A recent article in vanity fair pilloried Microsoft for its “forced ranking” process. This is an example of a talent management program which does not focus on developing leaders, rather it assumes that managers are “too dumb” to figure it out on their own. Rather than developing leaders at all levels, it simply forces them to “do as they’re told.” What we need? We are expecting completely control and directed style or freedom base –self committed leadership.
IBM, Accenture, Deloitte, and other high performing service companies focus on strategic development at all levels. You should too.
3. High-Performers invest in leadership development.
I don’t want to sound like an HR manager, but this is true. Our research ranks companies scientifically through our High-Impact Leadership Development maturity model. The companies that rank top in leadership development maturity invest 30-40% more money in leadership than their peers. And these programs are uniquely multi-faceted and challenging.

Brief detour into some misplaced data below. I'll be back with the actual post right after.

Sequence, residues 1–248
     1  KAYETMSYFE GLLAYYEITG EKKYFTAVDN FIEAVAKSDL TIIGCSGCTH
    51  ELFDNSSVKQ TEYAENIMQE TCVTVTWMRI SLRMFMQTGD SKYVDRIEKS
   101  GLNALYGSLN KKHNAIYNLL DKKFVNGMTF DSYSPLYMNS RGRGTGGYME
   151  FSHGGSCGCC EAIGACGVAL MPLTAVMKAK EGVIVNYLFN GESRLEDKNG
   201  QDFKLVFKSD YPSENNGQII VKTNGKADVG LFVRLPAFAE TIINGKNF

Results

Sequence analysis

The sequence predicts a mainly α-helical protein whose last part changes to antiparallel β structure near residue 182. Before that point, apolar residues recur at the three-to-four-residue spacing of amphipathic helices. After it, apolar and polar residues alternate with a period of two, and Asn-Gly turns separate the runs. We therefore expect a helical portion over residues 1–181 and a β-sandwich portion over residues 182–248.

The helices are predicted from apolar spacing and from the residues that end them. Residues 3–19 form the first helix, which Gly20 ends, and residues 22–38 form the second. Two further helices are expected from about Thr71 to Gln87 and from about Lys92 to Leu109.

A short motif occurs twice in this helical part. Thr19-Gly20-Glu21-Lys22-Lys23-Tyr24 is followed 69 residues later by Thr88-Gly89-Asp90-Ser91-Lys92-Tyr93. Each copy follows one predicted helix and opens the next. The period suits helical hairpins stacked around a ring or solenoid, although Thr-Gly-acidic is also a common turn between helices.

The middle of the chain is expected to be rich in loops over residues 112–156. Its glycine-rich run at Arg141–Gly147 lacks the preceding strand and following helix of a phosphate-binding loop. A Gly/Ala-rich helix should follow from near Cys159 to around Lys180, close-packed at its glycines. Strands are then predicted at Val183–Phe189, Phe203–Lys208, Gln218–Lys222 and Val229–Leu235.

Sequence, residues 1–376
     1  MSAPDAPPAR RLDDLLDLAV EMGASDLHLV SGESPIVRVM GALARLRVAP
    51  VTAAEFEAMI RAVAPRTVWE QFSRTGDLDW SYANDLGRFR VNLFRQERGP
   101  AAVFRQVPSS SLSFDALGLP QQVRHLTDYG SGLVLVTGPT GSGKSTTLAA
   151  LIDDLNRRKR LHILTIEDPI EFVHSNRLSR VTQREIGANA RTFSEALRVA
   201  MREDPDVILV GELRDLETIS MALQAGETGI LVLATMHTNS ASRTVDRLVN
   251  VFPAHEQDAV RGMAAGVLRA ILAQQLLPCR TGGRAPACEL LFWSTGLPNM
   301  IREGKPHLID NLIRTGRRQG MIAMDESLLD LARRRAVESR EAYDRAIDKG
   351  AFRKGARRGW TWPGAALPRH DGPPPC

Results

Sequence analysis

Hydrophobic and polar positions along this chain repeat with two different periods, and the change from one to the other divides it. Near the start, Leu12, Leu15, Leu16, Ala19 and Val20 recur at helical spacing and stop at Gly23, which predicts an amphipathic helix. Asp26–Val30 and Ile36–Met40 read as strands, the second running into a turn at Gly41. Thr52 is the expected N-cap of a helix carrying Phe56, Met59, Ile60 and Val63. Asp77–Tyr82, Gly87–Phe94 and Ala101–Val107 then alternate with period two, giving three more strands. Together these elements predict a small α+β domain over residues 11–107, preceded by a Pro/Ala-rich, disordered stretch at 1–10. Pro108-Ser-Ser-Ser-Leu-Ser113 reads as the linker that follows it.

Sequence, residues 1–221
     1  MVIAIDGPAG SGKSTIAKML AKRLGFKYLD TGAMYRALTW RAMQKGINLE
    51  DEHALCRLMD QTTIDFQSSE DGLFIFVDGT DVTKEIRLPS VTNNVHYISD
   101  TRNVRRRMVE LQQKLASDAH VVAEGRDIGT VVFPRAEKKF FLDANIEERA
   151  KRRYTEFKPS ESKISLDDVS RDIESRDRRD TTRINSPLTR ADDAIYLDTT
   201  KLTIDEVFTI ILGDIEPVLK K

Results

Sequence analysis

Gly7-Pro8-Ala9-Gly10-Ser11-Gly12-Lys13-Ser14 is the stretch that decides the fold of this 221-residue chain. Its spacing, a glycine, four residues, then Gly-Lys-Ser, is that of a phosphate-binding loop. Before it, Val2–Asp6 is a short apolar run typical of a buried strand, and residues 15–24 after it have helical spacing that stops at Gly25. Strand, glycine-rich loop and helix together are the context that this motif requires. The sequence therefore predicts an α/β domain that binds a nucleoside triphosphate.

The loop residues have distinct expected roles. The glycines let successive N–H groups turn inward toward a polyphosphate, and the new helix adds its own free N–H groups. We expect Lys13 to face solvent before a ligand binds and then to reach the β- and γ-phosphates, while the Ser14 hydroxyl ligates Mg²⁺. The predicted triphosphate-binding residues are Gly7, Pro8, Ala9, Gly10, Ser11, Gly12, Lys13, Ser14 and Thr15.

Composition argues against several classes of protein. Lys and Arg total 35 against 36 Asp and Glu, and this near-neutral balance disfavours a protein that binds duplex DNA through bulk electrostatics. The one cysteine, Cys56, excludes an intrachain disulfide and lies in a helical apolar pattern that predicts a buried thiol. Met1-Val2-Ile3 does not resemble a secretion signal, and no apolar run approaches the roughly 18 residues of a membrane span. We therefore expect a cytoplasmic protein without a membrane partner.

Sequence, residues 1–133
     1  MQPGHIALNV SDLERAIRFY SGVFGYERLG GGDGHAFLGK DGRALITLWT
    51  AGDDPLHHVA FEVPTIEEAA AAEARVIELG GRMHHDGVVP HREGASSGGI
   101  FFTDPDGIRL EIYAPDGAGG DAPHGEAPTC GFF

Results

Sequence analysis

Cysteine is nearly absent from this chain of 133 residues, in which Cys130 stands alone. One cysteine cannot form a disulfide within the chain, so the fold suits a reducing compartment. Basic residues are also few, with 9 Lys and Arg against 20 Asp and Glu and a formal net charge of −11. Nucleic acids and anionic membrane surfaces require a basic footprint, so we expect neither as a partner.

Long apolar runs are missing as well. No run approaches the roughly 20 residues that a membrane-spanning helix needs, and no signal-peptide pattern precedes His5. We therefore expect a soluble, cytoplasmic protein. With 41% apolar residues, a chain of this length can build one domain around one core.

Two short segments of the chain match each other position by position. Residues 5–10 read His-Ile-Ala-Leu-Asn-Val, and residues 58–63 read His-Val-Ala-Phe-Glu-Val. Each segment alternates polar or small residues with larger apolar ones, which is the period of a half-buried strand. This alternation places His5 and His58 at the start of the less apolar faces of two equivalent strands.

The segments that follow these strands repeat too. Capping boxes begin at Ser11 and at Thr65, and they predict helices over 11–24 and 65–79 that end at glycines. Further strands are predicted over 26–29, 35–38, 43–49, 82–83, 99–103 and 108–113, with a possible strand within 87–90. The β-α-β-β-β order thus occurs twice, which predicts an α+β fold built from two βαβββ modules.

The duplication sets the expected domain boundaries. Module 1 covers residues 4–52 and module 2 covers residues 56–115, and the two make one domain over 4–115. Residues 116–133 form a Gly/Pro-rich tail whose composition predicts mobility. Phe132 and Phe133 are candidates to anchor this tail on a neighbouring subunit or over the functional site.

If you look at the Fortune Magazine-AON Hewitt list of companies with top leadership programs, you find that they spend almost 35% more per manager on development than others.
I have a good friend who was a senior manager at Yahoo. He told me that during his entire 8 years there he never attended a single leadership development program. This is a sign of a company that has not yet figure out the role of leadership in business performance.
Top companies spend $3500 and up per manager (more than twice this at senior levels). You can benchmark your own company in our Leadership Development Factbook®.